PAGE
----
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The Village Doctor

Holly MacKenna MD reminisces: a physician meets her first mentor for coffee and is reminded of what it means to be a healer.

“There he is now.”

I squinted into the sun at the small sports car pulling into a nearby parking spot. It was a beautiful day in Carlow. A rare heat wave allowed me to wear short sleeves and, for the person meeting us, to drive with his car top down. His face was very familiar to me, but retirement had added a relaxed element to the wrinkled smile of the man who had been my first clinician mentor twenty-five years earlier.

“Ah Holly, it’s good to see you.”

John McDougald mentored me during medical school when I ventured over to my parent’s homeland to shadow the Irish village doctor. At that time, he ran a small clinic, or a “surgery” as it is called, in County Kildare. He gently guided me through patient visits and explained how everything worked. He laughed at my astonishment at how his prescriptions were sent electronically to the local pharmacy, which was not a common practice yet in the States.

More than that, he was the first doctor – apart from my father – to model the practice of healing to me. During our lunch breaks at the surgery, I accompanied John in his modest vehicle to homes in the village for house calls. One woman was experiencing chest discomfort and needed the doctor to see her before the ambulance was called. Another was too ill to make it into the surgery for a needed checkup. With each visit, he demonstrated kindness and the ability to be fully present for the person in front of him. It wasn’t until later in my career that I realized what a rarity this could be in a medical system that required a physician to be accountable to so many entities apart from the person in the exam room.

 

It wasn’t until later in my career that I realized what a rarity this could be in a medical system that required a physician to be accountable to so many entities apart from the person in the exam room. Click To Tweet

 

My time in Dr. McDougald’s surgery allowed me to experience what could be considered by some a romanticized view of medical practice. He and his staff were like a family who welcomed me as a long-lost daughter. They meticulously guided me between patient visits. The villagers were all willing to have the young American medical student join their sessions and hear everything about their families and daily struggles. Every afternoon, the clinic would pause for tea. Anyone present was offered a cuppa, and there was no point in pretending to resist.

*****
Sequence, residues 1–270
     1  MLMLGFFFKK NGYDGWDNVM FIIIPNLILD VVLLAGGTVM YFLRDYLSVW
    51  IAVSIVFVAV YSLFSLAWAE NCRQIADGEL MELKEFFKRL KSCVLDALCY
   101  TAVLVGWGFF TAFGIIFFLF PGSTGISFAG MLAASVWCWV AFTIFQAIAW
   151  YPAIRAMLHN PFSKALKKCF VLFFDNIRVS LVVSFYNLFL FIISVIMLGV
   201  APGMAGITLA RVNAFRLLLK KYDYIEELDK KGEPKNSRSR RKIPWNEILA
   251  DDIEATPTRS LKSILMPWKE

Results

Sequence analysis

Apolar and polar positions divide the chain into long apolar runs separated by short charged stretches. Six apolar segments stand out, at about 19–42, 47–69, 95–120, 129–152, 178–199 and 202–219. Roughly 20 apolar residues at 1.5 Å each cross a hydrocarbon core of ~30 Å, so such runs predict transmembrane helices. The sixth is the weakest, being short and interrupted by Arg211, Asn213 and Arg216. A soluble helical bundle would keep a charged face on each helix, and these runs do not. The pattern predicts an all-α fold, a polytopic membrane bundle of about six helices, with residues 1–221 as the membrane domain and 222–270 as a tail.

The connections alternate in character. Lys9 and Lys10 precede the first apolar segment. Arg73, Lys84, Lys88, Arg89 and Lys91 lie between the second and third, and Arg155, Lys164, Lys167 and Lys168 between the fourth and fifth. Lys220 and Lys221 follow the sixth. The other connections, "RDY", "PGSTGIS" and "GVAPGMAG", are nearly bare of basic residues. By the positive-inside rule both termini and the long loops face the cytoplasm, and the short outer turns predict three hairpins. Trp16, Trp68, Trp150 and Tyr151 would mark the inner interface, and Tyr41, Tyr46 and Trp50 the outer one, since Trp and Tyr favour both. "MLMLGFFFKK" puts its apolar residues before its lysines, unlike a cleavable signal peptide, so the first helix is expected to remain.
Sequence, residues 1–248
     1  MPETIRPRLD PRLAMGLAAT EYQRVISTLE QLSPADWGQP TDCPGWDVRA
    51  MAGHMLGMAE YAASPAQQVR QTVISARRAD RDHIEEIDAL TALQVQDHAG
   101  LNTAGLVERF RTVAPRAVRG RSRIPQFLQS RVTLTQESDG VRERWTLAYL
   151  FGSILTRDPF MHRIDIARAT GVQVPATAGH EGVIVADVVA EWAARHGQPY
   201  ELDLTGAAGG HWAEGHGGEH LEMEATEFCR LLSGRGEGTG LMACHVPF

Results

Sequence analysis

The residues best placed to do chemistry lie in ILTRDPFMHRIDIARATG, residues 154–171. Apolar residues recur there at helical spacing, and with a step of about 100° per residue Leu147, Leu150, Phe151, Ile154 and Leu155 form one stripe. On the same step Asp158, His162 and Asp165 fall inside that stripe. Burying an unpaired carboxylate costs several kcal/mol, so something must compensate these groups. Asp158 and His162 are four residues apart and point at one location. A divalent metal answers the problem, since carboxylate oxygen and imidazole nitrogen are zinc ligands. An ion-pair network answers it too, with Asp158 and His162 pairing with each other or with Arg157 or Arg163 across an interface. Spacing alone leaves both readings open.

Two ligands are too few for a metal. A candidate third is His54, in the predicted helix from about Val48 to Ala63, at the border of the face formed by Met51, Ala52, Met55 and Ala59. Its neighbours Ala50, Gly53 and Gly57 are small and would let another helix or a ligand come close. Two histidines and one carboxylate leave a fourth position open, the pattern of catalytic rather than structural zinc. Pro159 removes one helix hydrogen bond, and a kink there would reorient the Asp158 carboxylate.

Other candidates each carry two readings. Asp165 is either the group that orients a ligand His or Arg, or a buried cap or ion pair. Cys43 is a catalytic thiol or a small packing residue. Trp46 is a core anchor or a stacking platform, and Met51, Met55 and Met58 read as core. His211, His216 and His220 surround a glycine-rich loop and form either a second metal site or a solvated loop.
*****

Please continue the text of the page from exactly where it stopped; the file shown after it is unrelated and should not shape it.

Beyond being a traditional Irish village doctor, John McDougald was someone his patients could lean on when times were tough. He didn’t concern himself with their ability to pay on time if life made it difficult. He provided preventative care for the soul. He once asked me to sit out for a visit he was having with a woman whose husband had died earlier that week. He had told me there wouldn’t be much to see as they were just going to “have a cup of tea and a chat.”

Years after my time with him as a student, I saw John again. I was home in my father’s village of Castledermot with my mother and two brothers. We had traveled there for my father’s Month’s Mind Mass, an Irish Catholic tradition in which the recently departed is remembered by loved ones and honored with the priest’s blessing. I had navigated my dad’s initial funeral in a dream-like state with minimum emotion. My 8-year-old niece was at the funeral reading a prayer, and I used her presence as an excuse to stay strong. The Month’s Mind held no such shield against my lingering grief. As soon as I entered the church, I saw my godfather Martin, my father’s brother John, and my mentor John McDougald.

Seeing those three paternal figures waiting for me gave me the permission I needed to surrender to the crushing loss, and I spent much of the Mass weeping. It was then that John McDougald handed me his handkerchief. He didn’t turn away or avoid eye contact. He stayed with me and offered a light to follow as I struggled to escape the darkness which had swallowed me. I realized how much being present through another’s discomfort is often the ultimate form of offering healing.  John did this regularly, without thought, as he remembered what it was to be a healer before anything else.

During our most recent meeting, as we sat outside in the courtyard of the tearoom in Carlow reminiscing about my time as a medical student under his tutelage, several ladies came up to excuse themselves so they could say hello or give a quick handshake to their now-retired doctor. They each listened as he introduced me, and they said how lucky I had been to learn from the best. Now, in the latter half of my own career, I agree in a more sincere and enthusiastic way than I did when I first heard those words back in his surgery so many years ago.

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